By early September the blurriness was serious enough that I saw my optometrist. To my great relief the problem was common and the fix relatively simple: the lens inserted in my left eye when I had cataract surgery in 2018 was clouding over, but it could be remedied with a quick laser procedure at the Cape Cod Eye Surgery & Laser Center in Sandwich. Having been to this place many times, both on my own behalf and when driving a friend to her regular appointments for macular degeneration, I could find my way there in my sleep. (I started to type “with my eyes closed,” but thought better of it.)
The good news was that I could drive myself home afterward. This was not true of cataract surgery or retina reattachment surgery. The bad news was that my appointment was six weeks down the road: October 24.
My body as a whole has given me remarkably little grief (so far) in my 71 (so far) years. I’ve never broken a bone, despite a few accidents that could have had serious consequences. In my born-again horsegirl days — basically my fifties — I had a horse flip over on me and use my right thigh as a launching pad. The bruise was dramatically huge, but it eventually went away and all I have to show for it now is a hoof-shaped imprint in the flesh of my right thigh. On a horse-sitting job once, a ladder slipped out from under me when I was climbing up to the client’s hayloft. I fell 10+ feet with no ill effects beyond a sore bum.
My eyes and my teeth have required more attention. I seem to have lost the genetic lottery in those departments, having inherited my mother’s myopia and my father’s lousy teeth. In recent decades I’ve taken better care of the latter, which may explain why I’ve still got all of my originals, apart from the molar that broke and had to be replaced by an implant.
The eyes, on the other hand — well, sometimes I do wonder why I adopted a trade like editing that depends on having reliable eyesight along with a brain that does a great job processing detail. Possibly it was fate’s way of teaching me “Don’t panic! Things will work out.” Which indeed they have, even this time. My right eye, for all its imprecision, turned out to be a pretty good pinch-hitter, even though one of my jobs right now is on un-enlargeable paper and the font sizes used range from about 6 point (very small) to 12 (pretty normal). Thanks to a magnifying glass I could clarify whether, for instance, there were two ts or one and whether there was an r tucked in there between the a and the t.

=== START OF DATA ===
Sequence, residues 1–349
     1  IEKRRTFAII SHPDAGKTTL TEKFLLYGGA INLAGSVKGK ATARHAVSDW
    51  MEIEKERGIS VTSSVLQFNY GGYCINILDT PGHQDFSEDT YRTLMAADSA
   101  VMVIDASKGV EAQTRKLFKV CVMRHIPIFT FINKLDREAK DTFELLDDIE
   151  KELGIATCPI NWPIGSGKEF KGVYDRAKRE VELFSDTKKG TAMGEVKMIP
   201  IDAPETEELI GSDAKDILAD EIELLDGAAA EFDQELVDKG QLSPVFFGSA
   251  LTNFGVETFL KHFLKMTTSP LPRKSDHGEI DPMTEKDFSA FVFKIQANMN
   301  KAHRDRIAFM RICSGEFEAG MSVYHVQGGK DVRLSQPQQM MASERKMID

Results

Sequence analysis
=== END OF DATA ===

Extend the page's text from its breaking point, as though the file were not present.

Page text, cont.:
Driving also presented additional challenges. In its clouded-over state, at night my left eye saw half a dozen headlights approaching when in reality there were only two. Right eye was fine for driving, but left eye, being the more dominant of the two, kept trying to horn in, so I’d sometimes see two sets of yellow lines down the middle of the road. (I should add here that my two eyes have never worked together well, but my brain has compensated for the lack of coordination.) This was easily remedied by closing left eye when the duplication got distracting.
I’ve lived on the Vineyard year-round for 37 years and counting, so though I couldn’t literally find my way around with my eyes closed, I do know the roads pretty well (apart from dirt roads in Chilmark. When it comes to dirt roads in Chilmark, all bets are off, and sometimes GPS is unavailable). Not to mention — after Labor Day, and definitely after Columbus Day, the traffic is less, and less crazy, than it is in the summer.
I did worry a little about driving to Sandwich, regardless of how many times I’d been there. After all, I hadn’t driven off-island since 2019 — or been off-island, period, since very early in 2020, just before COVID-19 shut everything down. I worried a little about my one-eyed depth perception driving onto the boat. Once I’d managed that, on the 8:15 yesterday morning, I stopped worrying.
All went well. The Cape Cod Eye Surgery & Laser Center in Sandwich has to be one of the best organized operations around. I’d filled out the required forms online the day before. I got called for my various pre-procedure tests only a couple of minutes after my report time of 11 a.m. The procedure itself took less than five minutes: from my perspective it was all about holding still (easy, given the apparatus you stick your face into) and staring at the red/white light coming at my left eye.
After lunch at the nearby “family restaurant,” I did indeed drive myself home. Having once attempted to drive with my eyes dilated, I knew better to try it again — the glare is terrible — so I wore the extremely unfashionable sunglasses I had in the car, probably from an earlier eye adventure. With them on, there was no glare; the tradeoff was that the speedometer was too dark to read. I took my cues from the other cars on the road and none of us got busted for speeding.
The 3:45 boat got me into Vineyard Haven at 4:30, and I arrived at Animal Health Care in time to pick Tam up; he’d spent the night at the kennel. He tried to convince me that he hadn’t had supper, though the kennel attendant assured me he had. I bought him off with the popcorn I’d brought home from writers’ group on Sunday, because he wasn’t there to enjoy it on site.